STATE COLLEGE — Bicycle racks and parking lots were up for discussion Wednesday as the Planning Commission continued to hammer out the details of a draft ordinance addressing commercial areas.
For months, the panel has worked through the potential change. Staff suggested the commission consider how to regulate primarily commercial uses in the boroughs CP-2 planned commercial district.
The result is a draft CP-3 district, which focuses on neighborhood commercial and mixed uses, such as the current Westerly Parkway and Hamilton Square shopping centers. The areas have been discussed for their redevelopment potential, and new regulations could better address walkability and neighborhood needs.
Wednesdays conversation on the plan will be continued to a future commission meeting, as several members had to leave before the discussion finished. They focused on a memo compiled by planning staffer Meagan Tuttle, which covered previous commission concerns.
The memo included bicycle and vehicle parking in the commercial neighborhood areas.
Tuttle said bike parking was included in the ordinance draft because it is key in encouraging biking as transportation, according to various guidelines.
Commissioner Ron Madrid said the boroughs cycling efforts are wonderful, but that those efforts are greater than the use of bicycle facilities.
Do we put things in for skateboarders or walkers? he asked. We have established bike lanes on a number of thoroughfares. A majority of bikers I see dont use them.
Anita Genger said part of the problem could be a culture that encourages driving. Whatever we can do to help the bikes can only help to right a balance here, she said. The draft ordinance requires bicycle parking spaces per housing unit and mixed-use square footage.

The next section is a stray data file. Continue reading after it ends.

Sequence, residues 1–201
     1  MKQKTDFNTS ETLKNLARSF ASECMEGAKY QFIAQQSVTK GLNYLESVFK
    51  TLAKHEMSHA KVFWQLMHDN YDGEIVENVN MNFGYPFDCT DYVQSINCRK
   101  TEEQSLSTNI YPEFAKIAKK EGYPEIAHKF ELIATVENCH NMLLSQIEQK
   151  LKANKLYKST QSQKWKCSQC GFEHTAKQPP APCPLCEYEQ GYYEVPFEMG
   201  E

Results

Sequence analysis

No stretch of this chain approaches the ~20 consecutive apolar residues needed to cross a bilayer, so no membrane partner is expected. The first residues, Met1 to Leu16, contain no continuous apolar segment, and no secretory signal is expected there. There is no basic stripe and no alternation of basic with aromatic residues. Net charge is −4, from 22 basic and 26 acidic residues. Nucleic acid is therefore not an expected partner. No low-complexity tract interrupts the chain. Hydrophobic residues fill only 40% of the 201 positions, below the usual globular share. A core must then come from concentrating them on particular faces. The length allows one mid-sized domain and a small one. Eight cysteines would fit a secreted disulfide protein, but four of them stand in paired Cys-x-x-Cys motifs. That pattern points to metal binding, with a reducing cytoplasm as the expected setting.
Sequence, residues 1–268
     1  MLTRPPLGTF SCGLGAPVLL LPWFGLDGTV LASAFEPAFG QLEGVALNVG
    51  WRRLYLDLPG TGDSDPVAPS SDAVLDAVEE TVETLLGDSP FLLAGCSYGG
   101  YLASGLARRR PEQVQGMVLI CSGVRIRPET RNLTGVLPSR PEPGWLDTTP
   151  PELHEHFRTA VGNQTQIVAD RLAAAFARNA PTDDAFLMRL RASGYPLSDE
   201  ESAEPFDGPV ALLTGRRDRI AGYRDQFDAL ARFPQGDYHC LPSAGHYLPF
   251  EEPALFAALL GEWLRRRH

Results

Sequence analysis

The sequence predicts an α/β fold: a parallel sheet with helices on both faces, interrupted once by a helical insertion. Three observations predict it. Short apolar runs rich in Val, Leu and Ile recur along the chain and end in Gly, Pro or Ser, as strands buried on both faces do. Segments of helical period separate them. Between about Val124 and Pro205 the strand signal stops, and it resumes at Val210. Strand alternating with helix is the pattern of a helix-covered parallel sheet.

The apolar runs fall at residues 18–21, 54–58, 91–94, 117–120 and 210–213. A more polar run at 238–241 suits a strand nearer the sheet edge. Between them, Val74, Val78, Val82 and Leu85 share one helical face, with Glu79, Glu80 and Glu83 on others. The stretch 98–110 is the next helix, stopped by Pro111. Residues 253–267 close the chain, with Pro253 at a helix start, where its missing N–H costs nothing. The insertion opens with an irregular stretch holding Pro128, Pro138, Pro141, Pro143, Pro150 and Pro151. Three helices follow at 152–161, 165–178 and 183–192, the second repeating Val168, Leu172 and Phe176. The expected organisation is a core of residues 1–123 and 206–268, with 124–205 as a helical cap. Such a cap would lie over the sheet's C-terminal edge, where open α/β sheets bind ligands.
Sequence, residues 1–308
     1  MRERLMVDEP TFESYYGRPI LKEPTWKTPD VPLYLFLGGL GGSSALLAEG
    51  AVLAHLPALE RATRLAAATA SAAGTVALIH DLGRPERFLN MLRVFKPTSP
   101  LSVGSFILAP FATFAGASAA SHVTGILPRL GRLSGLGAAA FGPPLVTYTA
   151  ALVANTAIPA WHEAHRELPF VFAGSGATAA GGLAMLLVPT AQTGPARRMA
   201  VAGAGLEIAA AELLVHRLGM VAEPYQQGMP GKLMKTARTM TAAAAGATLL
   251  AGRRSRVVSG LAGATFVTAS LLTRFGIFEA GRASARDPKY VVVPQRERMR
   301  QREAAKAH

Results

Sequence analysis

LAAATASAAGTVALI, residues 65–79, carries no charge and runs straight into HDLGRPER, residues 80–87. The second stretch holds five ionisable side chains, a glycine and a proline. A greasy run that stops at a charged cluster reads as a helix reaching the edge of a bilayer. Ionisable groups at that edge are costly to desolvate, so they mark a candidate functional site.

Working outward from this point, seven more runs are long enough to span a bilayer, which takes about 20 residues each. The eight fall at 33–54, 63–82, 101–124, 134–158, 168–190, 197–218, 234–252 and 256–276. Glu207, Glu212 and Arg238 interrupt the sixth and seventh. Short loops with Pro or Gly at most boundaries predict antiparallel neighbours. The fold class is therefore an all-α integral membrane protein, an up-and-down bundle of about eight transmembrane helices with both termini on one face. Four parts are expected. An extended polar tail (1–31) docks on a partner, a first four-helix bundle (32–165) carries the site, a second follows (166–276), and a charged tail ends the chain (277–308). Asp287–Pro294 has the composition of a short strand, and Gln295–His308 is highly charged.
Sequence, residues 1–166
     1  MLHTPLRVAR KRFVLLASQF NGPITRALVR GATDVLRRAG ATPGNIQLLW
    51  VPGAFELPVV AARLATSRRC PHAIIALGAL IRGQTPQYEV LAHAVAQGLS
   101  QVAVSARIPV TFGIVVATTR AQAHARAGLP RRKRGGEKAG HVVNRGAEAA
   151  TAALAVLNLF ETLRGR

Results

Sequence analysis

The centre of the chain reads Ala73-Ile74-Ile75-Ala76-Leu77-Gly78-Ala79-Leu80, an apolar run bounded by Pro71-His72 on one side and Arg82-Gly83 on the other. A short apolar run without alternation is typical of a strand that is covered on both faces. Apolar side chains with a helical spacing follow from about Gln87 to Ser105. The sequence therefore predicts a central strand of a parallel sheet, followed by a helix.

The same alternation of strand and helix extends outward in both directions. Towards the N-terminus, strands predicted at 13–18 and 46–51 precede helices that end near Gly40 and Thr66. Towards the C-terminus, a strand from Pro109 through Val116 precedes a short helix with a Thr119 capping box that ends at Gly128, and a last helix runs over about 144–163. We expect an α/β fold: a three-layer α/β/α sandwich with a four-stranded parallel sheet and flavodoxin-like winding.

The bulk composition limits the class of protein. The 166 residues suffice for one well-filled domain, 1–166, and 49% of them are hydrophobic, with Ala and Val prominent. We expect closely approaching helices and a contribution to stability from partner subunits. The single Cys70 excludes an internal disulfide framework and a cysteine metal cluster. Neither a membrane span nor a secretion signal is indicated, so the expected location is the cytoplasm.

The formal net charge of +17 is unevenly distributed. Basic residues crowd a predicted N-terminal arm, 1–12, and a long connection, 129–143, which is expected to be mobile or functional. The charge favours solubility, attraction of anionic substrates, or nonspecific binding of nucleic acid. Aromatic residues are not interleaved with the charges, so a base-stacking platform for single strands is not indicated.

The group also discussed the issue of an appropriate number of vehicle parking spaces, noting previously that Westerly Parkway Plazas parking lot is much larger than necessary. The ordinance includes a line that parking should not exceed the minimum requirement by more than a percentage yet to be determined.
Tuttle offered 10 percent as a figure used in some ordinances. For a parking lot requiring a minimum of 500 spaces, that would allow a range of 500 to 550 spaces.
Jon Eich proposed that, if a developer wants to include more parking than that, he could give something in return, such as improved open space.
Its a trade-off, he said. If you want A, then you give us B.
Commissioner Rich Kalin said the borough should consider why developers are exceeding parking requirements, and acting zoning officer Anne Messner said shes hearing that some developers say they face requirements from lenders, and some believe their units require more spaces.
Tuttle referenced the way parking is handled in other local municipalities. College Township sets a maximum number of spaces for some uses and requires site improvements if that is exceeded.
Tuttle said Patton Townships Colonnade shopping area required the plaza spaces because the developer asked to exceed parking requirements.
Jessica VanderKolk can be reached at 235-3910. Follow her on Twitter @jVanReporter